Or he will have no memory of where he got information from, so he will explain something to you that was actually something you told him

    I didn't realize we worked together. Chalk that up to my bad memory



  • @wirestyle22 said in Difficult co-worker:

    @flaxking said in Difficult co-worker:

    @flaxking said in Difficult co-worker:

    @Kelly said in Difficult co-worker:

    Without more experience or information it is difficult to draw an exact conclusion, but have you considered that he is on the autism spectrum? Some of the things that you're listing could be indicators of that. There are significant differences to how you will work with someone on the spectrum vs someone who just has control issues.

    This sounds a lot like my co-worker, who I am pretty sure is on the spectrum. He is amazing technically, reading comprehension of technical documentation that is out of this world. But he can't think in terms of business needs and what is practical. He will also assume he knows what you're saying without listen so you really have to watch for cues that the didn't actually understand what you said. Also can be a lot of work to convince him he is wrong, you need to have definitive proof ready.

    Or he will have no memory of where he got information from, so he will explain something to you that was actually something you told him

    I didn't realize we worked together. Chalk that up to my bad memory

    Or mini-strokes. . . (not joking at all)



  • @DustinB3403 said in Difficult co-worker:

    @wirestyle22 said in Difficult co-worker:

    @flaxking said in Difficult co-worker:

    @flaxking said in Difficult co-worker:

    @Kelly said in Difficult co-worker:

    Without more experience or information it is difficult to draw an exact conclusion, but have you considered that he is on the autism spectrum? Some of the things that you're listing could be indicators of that. There are significant differences to how you will work with someone on the spectrum vs someone who just has control issues.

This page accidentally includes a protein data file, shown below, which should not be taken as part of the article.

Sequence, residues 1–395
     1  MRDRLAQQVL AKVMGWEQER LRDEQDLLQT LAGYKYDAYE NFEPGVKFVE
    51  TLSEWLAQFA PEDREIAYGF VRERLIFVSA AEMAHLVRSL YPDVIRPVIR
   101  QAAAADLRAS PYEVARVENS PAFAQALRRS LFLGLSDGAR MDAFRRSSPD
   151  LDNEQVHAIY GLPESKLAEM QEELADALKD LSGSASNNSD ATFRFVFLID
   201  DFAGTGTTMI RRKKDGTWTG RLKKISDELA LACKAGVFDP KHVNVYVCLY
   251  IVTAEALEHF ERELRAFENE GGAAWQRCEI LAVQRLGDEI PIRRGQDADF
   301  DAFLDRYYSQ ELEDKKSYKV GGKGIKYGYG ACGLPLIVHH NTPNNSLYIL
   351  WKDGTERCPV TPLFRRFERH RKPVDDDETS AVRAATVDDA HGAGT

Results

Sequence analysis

This sounds a lot like my co-worker, who I am pretty sure is on the spectrum. He is amazing technically, reading comprehension of technical documentation that is out of this world. But he can't think in terms of business needs and what is practical. He will also assume he knows what you're saying without listen so you really have to watch for cues that the didn't actually understand what you said. Also can be a lot of work to convince him he is wrong, you need to have definitive proof ready.

    Or he will have no memory of where he got information from, so he will explain something to you that was actually something you told him

    I didn't realize we worked together. Chalk that up to my bad memory

    Or mini-strokes. . . (not joking at all)

    That would explain a lot actually



  • Well who ever downvoted mini-strokes causing memory loss can kiss my ass. I hope my grandmother survives her stroke (and minis) from this saturday.

    Dicks.



  • @flaxking said in Difficult co-worker:

    @Kelly said in Difficult co-worker:

    Without more experience or information it is difficult to draw an exact conclusion, but have you considered that he is on the autism spectrum? Some of the things that you're listing could be indicators of that. There are significant differences to how you will work with someone on the spectrum vs someone who just has control issues.

    This sounds a lot like my co-worker, who I am pretty sure is on the spectrum. He is amazing technically, reading comprehension of technical documentation that is out of this world. But he can't think in terms of business needs and what is practical. He will also assume he knows what you're saying without listen so you really have to watch for cues that the didn't actually understand what you said. Also can be a lot of work to convince him he is wrong, you need to have definitive proof ready.

    Yes this sounds quite similar to what I have seen. Although, I will add that he always 100% believes he is doing the right thing. Its not because he wants to cut corners or anything. Sometimes we cannot get him to cut corners where they need to be cut.


Log in to reply